Qeshm Geopark Fate Hangs in Balance

Qeshm Geopark Fate Hangs in Balance
Qeshm Geopark Fate Hangs in Balance

The fate of the Middle East and North Africa’s first and only geopark will be decided during the Seventh International Conference on UNESCO Global Geoparks on September 27-30 in the seaside resort of Torquay, England, when member states will vote on its reentry into the Global Geoparks Network.

A geopark is a unified area with geological heritage of international significance. It uses this heritage to promote awareness of key issues in the context of planet Earth.

Geoparks have significant scientific and geological value, apart from being a natural and cultural heritage. The GGN has been established by UNESCO to register such parks, protect geoparks, provide education and set standards for green tourism.

To comply with UNESCO’s standards, a geopark must have appropriate infrastructure and adequate accommodation for tourists, in line with environmental standards while protecting the natural landscape.

Initially added to the coveted network in 2006, Qeshm Geopark was dropped from the GGN in 2012 due to the authorities’ failure to address the site’s problems, such as underdeveloped infrastructure and unenforced environmental regulations.

According to Hamidreza Mohsenpour, the geopark’s director, the authorities have been working tirelessly for the past 18 months to address the site’s shortcomings.

“The entire (Qeshm) island and its inhabitants will benefit from the geopark’s global recognition and the advantages that come with being included in the GGN,” he was reported as saying on Saturday by IRNA.

Advantages include collaborations with other geoparks in the network and receiving financial support and knowhow from UNESCO.

In November last year, Iranian officials submitted the geopark’s dossier to the UN body after redefining environmental regulations, restoring a number of sites in the park and improving infrastructure.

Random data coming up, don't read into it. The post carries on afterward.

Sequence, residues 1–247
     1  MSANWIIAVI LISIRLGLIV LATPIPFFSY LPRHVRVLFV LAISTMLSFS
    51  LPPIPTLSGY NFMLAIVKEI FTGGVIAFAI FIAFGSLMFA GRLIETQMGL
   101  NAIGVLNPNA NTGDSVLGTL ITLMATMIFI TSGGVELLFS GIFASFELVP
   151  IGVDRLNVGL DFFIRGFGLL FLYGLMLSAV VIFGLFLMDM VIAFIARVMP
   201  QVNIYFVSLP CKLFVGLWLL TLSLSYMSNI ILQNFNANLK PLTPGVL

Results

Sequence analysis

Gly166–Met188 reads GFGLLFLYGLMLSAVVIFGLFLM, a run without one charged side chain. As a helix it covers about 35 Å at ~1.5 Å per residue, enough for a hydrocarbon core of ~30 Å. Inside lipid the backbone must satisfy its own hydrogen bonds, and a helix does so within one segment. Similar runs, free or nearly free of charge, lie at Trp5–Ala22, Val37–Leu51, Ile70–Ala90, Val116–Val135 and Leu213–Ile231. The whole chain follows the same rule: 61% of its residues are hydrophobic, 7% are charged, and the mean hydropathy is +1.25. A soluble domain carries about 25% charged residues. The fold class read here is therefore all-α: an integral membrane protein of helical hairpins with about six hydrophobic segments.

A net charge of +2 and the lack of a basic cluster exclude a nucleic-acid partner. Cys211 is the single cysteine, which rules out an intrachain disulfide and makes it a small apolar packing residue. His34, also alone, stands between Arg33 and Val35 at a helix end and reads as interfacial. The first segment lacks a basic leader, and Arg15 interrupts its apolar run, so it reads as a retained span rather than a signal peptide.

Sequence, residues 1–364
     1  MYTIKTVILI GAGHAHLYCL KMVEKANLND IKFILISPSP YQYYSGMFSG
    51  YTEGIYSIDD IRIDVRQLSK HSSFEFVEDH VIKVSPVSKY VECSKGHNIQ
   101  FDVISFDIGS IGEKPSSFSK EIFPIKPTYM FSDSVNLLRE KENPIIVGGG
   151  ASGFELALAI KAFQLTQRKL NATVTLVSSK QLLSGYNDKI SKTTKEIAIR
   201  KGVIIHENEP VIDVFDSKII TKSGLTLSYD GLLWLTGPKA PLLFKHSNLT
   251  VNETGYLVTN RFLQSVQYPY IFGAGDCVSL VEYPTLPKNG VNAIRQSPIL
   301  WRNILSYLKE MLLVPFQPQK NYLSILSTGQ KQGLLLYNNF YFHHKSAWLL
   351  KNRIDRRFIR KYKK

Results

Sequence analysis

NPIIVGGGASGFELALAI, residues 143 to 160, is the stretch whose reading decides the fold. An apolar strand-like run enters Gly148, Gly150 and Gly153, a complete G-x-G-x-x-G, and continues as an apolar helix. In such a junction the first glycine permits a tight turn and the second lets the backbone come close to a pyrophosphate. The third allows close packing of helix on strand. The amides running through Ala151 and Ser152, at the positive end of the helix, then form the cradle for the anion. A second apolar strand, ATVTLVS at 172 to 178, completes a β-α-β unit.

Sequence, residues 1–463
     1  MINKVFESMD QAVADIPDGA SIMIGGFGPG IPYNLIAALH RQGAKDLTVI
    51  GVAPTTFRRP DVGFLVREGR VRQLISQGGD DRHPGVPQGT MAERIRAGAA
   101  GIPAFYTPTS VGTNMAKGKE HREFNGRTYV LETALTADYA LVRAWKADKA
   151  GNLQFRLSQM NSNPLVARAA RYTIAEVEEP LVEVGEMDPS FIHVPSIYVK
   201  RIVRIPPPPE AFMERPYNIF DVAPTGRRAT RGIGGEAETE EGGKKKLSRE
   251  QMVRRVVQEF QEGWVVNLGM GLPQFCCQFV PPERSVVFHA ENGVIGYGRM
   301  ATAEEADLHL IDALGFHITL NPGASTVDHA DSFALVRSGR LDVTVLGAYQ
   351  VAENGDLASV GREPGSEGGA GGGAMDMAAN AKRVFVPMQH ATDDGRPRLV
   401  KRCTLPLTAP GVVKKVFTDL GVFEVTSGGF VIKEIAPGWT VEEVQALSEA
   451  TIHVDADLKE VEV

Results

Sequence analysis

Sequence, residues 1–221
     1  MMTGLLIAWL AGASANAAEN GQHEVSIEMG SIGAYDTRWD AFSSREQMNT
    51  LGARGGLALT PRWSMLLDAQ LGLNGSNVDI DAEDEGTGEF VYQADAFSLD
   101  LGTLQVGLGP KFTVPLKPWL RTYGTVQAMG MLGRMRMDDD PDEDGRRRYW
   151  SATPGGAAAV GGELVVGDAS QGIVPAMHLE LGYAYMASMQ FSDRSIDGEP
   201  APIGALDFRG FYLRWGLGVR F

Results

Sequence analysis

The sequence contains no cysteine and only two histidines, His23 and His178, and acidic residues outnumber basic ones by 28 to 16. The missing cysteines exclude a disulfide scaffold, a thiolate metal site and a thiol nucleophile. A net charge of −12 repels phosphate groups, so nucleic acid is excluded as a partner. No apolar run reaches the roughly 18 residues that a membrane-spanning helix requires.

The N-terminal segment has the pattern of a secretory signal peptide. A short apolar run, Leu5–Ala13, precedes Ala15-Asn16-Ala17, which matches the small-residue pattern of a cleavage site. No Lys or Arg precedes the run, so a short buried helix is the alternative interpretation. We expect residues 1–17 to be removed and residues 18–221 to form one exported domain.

Deeming it incomplete, UNESCO sent the dossier back and suggested changes to be made before the organization could review it again. The dossier was resubmitted to UNESCO in February and it was approved in April.

UNESCO evaluators will travel to the Persian Gulf island in the Iranian month of Mordad (July-August) and assess the progress of the geopark’s development before recommending its reentry to the GGN.

  Corrective Measures

In a bid to promote the geopark on Qeshm Island, officials have renamed an important square on the island to “Geopark” and installed boards around the square that publicize information about the geopark, which is home to over 3,000 animal species.

A pavilion has been set up at Qeshm International Airport that introduces the geopark to boost tourism.

“We’ve also installed information boards in various locations in the geopark containing interesting facts and details about the area,” Mohsenpour said.

one of Iran’s seven free zones, Qeshm Island is a top holiday destination and a treasure trove of natural and ecological attractions. Aside from the geopark, sun and sandy beaches, the island’s famed mangrove forests in the Hara Protected Area draw large numbers of domestic and foreign tourists.

Hara Protected Area is one of five forests in Hormozgan Province and arguably the most important feature of Qeshm Geopark. With an area of 85,686 hectares, Hara is a UNESCO Biosphere Reserve.